Seattle now has what may be the world's largest tsunami research center, with a goal of forecasting a major tsunami within 10 minutes of its development.
More than a dozen mathematical modelers and software experts are creating simulations that can predict if a deep-sea earthquake will produce a tsunami, its size and where it will strike, the Seattle Post-Intelligencer reported Wednesday.
Diego Arcas, a forecaster for the Pacific Marine Environmental Laboratory at the National Oceanic and Atmospheric Administration's Seattle station, said it currently takes a modeler several months to accumulate and manage all the information needed to create accurate computer models. Then it usually takes about four to five hours to run a full computer simulation for a specific tsunami, he said.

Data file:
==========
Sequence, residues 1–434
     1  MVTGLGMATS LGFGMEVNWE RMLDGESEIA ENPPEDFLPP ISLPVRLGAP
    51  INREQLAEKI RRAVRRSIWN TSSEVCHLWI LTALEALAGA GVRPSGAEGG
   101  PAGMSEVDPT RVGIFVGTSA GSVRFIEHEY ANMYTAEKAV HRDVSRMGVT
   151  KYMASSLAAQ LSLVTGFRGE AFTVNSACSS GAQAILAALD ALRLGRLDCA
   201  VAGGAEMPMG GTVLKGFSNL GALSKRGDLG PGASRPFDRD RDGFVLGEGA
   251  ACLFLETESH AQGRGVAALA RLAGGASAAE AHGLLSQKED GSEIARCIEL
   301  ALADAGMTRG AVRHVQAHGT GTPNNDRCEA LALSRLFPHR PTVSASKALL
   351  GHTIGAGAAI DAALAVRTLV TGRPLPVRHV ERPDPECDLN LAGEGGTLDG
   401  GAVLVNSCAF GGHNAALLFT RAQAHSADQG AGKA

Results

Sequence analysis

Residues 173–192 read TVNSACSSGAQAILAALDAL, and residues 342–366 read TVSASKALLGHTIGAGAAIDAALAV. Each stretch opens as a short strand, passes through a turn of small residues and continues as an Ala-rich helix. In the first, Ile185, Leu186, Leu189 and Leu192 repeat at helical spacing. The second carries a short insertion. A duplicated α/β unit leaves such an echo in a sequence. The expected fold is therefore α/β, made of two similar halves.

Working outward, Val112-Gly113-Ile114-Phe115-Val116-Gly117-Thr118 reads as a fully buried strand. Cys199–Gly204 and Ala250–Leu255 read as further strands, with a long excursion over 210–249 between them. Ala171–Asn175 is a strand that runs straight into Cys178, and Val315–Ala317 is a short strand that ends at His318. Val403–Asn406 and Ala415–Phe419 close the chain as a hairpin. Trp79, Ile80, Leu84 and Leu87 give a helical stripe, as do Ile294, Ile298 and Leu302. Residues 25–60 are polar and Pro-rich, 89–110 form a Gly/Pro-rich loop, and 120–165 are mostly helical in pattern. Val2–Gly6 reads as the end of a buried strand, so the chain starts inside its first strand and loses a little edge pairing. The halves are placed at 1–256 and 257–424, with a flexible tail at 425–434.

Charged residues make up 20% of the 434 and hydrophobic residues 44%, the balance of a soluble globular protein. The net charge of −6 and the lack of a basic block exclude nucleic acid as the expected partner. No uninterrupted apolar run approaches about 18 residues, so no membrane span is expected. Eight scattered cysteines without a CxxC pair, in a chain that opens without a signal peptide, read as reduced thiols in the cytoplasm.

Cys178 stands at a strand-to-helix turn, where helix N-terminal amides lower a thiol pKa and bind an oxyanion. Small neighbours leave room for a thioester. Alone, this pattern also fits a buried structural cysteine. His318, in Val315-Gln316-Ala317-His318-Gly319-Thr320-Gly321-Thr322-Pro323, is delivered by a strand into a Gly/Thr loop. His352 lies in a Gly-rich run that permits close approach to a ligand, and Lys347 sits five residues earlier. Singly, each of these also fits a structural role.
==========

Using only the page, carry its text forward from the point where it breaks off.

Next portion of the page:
"That's not going to help very many people," Arcas told the Post-Intelligencer. "We are trying to get (the runs) down to less than 10 minutes."
So far the scientists have created real-time tsunami simulations that can be run in minutes for San Francisco, Port Los Angeles and Crescent City, Calif.; Hilo, Hawaii; Kodiak, Alaska; Newport and Seaside in Oregon; Neah Bay and Willapa Bay in Washington.
Copyright 2005 by United Press International
Explore further: No time to run? Tsunami pod aims to save lives—at a price